Here are a few typical case studies.
Provided some last-minute help with Science revision to a St Paul’s applicant in the final month before his 13+ exams. We went through several past papers in Physics, Chemistry and Biology, plugging any gaps in his knowledge as we went along. As it turned out, his B grade in Science was just enough to for him to win a place.
Taught English, French, History, Verbal Reasoning and Non-verbal Reasoning to a 12-year-old Russian boy on a three-week residential assignment in Moscow. I prepared him for a number of pre-tests at Charterhouse, Westminster and other schools in the UK, and I was later invited to Switzerland to teach him and his sister skiing and a variety of academic subjects over New Year.
Taught Maths, Science and English to a GCSE candidate who had been excluded from school and who also suffered from mild dyslexia and Attention Deficit Hyperactivity Disorder (ADHD). On a couple of occasions over the course of a two-year period, I stepped in to provide lessons while she was waiting to be accepted back. We worked together sometimes for two or three hours a day over several months until she finally took her exams in 2012.
Taught a dyslexic 11-year-old English and Maths for nearly a year. Dyslexics require a different style of teaching to tackle the problems they have in multi-tasking and short-term memory, so I tried to explain Maths concepts step by step and as far as possible using concrete examples. When discussing fractions, a bowl of fruit is sometimes a Maths teacher’s best friend!
Helped a trainee teacher about to resit her Skills Test for Numeracy, a requirement for her to become a qualified teacher. She ‘desperately’ needed help as her Maths was ‘dreadful’! She had only achieved a C at GCSE 13 years before and couldn’t seem to pass the practice tests. The deadline was three weeks away, so time was short, but she was ultimately successful.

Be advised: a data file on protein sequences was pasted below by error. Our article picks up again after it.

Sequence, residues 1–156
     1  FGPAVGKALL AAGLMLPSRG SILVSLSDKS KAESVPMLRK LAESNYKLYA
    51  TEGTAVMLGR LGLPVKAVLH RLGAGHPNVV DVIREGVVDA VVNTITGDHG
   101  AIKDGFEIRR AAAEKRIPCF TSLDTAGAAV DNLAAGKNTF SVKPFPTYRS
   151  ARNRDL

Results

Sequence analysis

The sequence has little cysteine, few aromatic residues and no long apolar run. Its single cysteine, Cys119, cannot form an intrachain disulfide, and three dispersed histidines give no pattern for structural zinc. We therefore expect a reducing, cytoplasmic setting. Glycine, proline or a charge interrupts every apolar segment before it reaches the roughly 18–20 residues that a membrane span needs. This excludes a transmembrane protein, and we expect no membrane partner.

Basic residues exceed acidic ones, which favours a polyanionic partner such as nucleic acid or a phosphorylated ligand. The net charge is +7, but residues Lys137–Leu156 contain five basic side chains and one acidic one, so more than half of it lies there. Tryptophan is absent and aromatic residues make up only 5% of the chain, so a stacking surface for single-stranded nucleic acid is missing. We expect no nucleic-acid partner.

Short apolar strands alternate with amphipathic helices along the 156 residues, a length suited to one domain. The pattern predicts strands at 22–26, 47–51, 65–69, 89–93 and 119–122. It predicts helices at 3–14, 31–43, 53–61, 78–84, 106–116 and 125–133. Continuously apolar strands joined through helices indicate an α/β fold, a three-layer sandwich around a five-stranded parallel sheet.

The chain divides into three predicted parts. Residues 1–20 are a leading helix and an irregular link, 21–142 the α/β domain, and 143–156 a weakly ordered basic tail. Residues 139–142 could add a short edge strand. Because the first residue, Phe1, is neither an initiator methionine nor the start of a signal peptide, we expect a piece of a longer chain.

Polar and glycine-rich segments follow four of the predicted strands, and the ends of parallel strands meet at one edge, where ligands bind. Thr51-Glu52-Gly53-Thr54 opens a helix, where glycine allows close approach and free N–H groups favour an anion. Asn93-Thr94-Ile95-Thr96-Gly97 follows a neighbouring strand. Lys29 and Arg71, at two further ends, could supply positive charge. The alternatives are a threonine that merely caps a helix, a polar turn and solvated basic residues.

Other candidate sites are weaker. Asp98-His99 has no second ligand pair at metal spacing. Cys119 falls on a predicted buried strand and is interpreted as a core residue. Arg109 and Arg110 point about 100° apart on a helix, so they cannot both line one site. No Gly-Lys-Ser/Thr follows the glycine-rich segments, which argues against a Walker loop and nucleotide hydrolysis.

Prepared an 11+ candidate for reading comprehension, composition and spelling. He later passed The Harrodian exam and was offered a place on the spot by St James Senior Boys School, Ashford, after getting 75% in his English paper.
Helped a partially dyslexic 12-year-old at a specialist school with his English comprehension, spelling and essay planning in preparation for 13+ entry. He was accepted into Charterhouse having achieved 65% in the English exam.
Helped a GCSE English candidate with his response to poetry and essay writing skills. He went on to achieve A* grades in English Language and Literature.
Taught English A-level to a 16-year-old private candidate. Isobel was a pop singer just starting out in her music career so couldn’t enrol in a school or college full-time as she had to spend every day in the recording studio prior to a UK tour and visits to Los Angeles!
Prepared a 10-year-old pupil for 13+ Common Entrance. Hector didn’t like reading, lacked detailed description in his stories and relied on being ‘spoon-fed’ ideas. However, after a term of lessons, he managed to improve his scores in his school exams from 52% to 58% in composition and from 50% to 74% in reading comprehension.
“Having failed the 10+ entry at his chosen school, my son came to Nick for help and guidance on exam technique and to fill in the gaps in teaching at his current state primary. Nick’s results have been beyond our wildest expectations. Not only has my son been persuaded to pick up a book instead of a bat or ball, but he’s secured entry into a top school he loves at 11+ and is now in the top set for every subject at his current school. Nick is firm but fair, and my son credits him with having given him the self-belief to achieve his dream.”